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SEARCH RESULTS MPH, Stuart Eisendrath, MD, Joseph Rossi, PhD, Colleen Redding, PhD,

MEDLINE 53 citations

18 studies met criteria

13 unique publications

PsychINFO / Biosis 0

ECO 1 additional

Digital Dissertations 1 additional

Conference abstracts 1 additional

Manual biblio search 3 additional

Total 19 studies (1991-2003)

In Treatment 12 studies (N=1410)

In Recovery 7 studies (N=638)


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DATA EXTRACTION MPH, Stuart Eisendrath, MD, Joseph Rossi, PhD, Colleen Redding, PhD,

  • Studies independently reviewed by two reviewers

    • One blinded to authors, institution, journal, title, pub year, refs

  • Abstinence rates at post-treatment and longest follow up (i.e., 6- to 12-months) abstracted

    • Most conservative estimates used (i.e., biochem verified, ITT)

  • PPA, reported in 15 studies, used as smoking outcome

  • For drug/alcohol outcomes, any use counted as relapse to be conservative and for consistency across studies

  • Lead authors contacted to provide additional information when necessary


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DESCRIPTION of STUDIES MPH, Stuart Eisendrath, MD, Joseph Rossi, PhD, Colleen Redding, PhD,

  • Sample sizes: 22 – 575 (Mdn = 63)

  • Settings:

    • 7 residential (e.g., VA residential, psychiatric dual diagnosis, perinatal drug abuse tx program)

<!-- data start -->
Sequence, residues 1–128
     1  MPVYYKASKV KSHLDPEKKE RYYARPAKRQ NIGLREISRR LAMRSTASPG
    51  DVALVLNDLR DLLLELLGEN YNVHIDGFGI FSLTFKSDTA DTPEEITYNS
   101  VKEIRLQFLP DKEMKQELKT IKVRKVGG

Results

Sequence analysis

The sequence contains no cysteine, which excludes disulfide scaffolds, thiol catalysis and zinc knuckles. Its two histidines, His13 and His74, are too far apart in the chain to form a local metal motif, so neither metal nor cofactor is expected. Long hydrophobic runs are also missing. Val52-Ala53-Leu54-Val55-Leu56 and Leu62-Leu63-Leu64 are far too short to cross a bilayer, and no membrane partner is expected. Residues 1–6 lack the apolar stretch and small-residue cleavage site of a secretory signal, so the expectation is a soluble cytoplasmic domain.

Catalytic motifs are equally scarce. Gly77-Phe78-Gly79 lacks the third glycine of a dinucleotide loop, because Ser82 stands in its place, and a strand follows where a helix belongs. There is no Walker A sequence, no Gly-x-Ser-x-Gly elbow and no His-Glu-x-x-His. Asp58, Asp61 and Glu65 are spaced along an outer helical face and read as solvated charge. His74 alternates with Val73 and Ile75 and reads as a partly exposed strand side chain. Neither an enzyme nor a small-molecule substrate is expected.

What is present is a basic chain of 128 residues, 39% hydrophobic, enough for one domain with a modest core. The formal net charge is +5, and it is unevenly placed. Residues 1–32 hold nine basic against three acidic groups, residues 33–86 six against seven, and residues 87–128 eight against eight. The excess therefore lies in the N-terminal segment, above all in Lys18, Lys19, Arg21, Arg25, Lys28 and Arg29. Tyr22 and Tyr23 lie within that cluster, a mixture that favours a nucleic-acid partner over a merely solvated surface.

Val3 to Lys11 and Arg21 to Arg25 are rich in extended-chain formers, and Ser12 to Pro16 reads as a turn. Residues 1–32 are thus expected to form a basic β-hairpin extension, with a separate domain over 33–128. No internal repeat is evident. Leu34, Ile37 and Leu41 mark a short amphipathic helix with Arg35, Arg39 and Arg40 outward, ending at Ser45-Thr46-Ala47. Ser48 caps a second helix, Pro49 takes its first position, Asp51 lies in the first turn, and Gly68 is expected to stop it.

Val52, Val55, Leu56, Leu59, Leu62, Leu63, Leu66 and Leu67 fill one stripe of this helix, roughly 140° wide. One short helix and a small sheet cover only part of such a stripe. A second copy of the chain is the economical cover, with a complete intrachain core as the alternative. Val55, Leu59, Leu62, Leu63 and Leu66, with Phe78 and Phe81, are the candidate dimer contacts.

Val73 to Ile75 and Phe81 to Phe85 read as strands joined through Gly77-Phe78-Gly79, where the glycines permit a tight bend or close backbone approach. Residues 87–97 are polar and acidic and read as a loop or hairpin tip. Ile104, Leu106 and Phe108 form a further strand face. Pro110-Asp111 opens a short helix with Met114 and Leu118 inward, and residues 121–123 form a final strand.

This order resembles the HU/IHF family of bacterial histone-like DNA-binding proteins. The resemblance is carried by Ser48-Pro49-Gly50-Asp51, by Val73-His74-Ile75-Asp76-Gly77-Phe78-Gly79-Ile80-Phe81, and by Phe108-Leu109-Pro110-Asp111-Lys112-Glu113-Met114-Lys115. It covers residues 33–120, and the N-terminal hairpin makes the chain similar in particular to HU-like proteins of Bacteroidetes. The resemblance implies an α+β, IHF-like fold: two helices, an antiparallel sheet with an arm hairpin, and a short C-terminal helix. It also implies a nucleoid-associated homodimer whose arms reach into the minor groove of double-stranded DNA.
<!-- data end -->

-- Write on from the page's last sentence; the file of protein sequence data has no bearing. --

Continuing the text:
• 12 outpatient (e.g., methadone clinics, primary care, university)

All comparisons p<.001


Interventions l.jpg

Psychosocial: MPH, Stuart Eisendrath, MD, Joseph Rossi, PhD, Colleen Redding, PhD,

Brief advice/educational = 4

Skill training/behavioral = 6

CBT = 4

Stage-based/motivational = 4

Nicotine anonymous = 1

Generalization to sobriety = 6

Pharmacological:

NRT = 11

Bupropion = 1

Fluoxetine = 1

Methadone = 1

INTERVENTIONS

Number of contacts: 1 – 36 M = 12

Session contact length: 5 min – 2 hrs M = 42 min

Intervention duration: 1 day – 1+ yr M = 13 wks

Total contact: 15 min – 24 hrs M = 8.3 hrs


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ANALYSES MPH, Stuart Eisendrath, MD, Joseph Rossi, PhD, Colleen Redding, PhD,

  • Abstinence status by condition recorded in 2x2 tables using Comprehensive Meta-Analysis(Biostat, Englewood, NJ)

  • Abstinence rates expressed as relative risks (RRs) with 95% confidence intervals (CIs)(Fleiss, 1993)

    • RR >1.00 favors intervention for increased abstinence relative to control

  • Effects calculated for smoking and substance use at post-tx and longest FU (6- to 12-mos). Multiple intervention groups collapsed and compared to control group.

  • Random-effects models, incorporating variance between study findings in a weighted average of rate ratios, used to estimate overall RR and 95% CI(DerSimonian & Laird, 1986).

  • Heterogeneity of pooled results, p < .10 considered significant(Oxman et al., 1994).


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Post-Treatment Smoking Outcomes MPH, Stuart Eisendrath, MD, Joseph Rossi, PhD, Colleen Redding, PhD,



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OVERALL SMOKING for In-Treatment StudiesCESSATION RATES

Post–Treatment Long-term FU

18 studies

15 studies



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CONCLUSIONS TREATMENT

  • Significant treatment effects for quitting smoking at post-treatment, but not at long-term follow up (>6 months)

  • At long-term follow up, evidence of improvedsobriety among intervention participants

    • 25% greater odds of being sober if exposed to the tobacco cessation intervention


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CONCLUSIONS TREATMENT